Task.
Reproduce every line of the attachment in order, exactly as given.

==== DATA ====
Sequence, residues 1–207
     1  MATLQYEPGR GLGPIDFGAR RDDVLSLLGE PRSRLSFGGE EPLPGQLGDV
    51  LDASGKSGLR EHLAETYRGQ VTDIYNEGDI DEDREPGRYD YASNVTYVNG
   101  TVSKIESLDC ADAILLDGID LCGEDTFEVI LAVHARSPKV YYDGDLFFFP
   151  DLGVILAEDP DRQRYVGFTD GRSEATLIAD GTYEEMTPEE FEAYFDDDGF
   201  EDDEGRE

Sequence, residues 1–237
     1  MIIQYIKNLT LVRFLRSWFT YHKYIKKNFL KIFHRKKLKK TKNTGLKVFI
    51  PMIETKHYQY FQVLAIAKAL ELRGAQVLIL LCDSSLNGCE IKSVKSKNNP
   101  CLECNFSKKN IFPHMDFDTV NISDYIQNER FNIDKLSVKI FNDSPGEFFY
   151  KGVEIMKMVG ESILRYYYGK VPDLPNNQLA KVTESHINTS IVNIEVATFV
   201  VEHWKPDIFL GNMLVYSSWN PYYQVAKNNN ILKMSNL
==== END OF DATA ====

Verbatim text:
Sequence, residues 1–207
     1  MATLQYEPGR GLGPIDFGAR RDDVLSLLGE PRSRLSFGGE EPLPGQLGDV
    51  LDASGKSGLR EHLAETYRGQ VTDIYNEGDI DEDREPGRYD YASNVTYVNG
   101  TVSKIESLDC ADAILLDGID LCGEDTFEVI LAVHARSPKV YYDGDLFFFP
   151  DLGVILAEDP DRQRYVGFTD GRSEATLIAD GTYEEMTPEE FEAYFDDDGF
   201  EDDEGRE

Sequence, residues 1–237
     1  MIIQYIKNLT LVRFLRSWFT YHKYIKKNFL KIFHRKKLKK TKNTGLKVFI
    51  PMIETKHYQY FQVLAIAKAL ELRGAQVLIL LCDSSLNGCE IKSVKSKNNP
   101  CLECNFSKKN IFPHMDFDTV NISDYIQNER FNIDKLSVKI FNDSPGEFFY
   151  KGVEIMKMVG ESILRYYYGK VPDLPNNQLA KVTESHINTS IVNIEVATFV
   201  VEHWKPDIFL GNMLVYSSWN PYYQVAKNNN ILKMSNL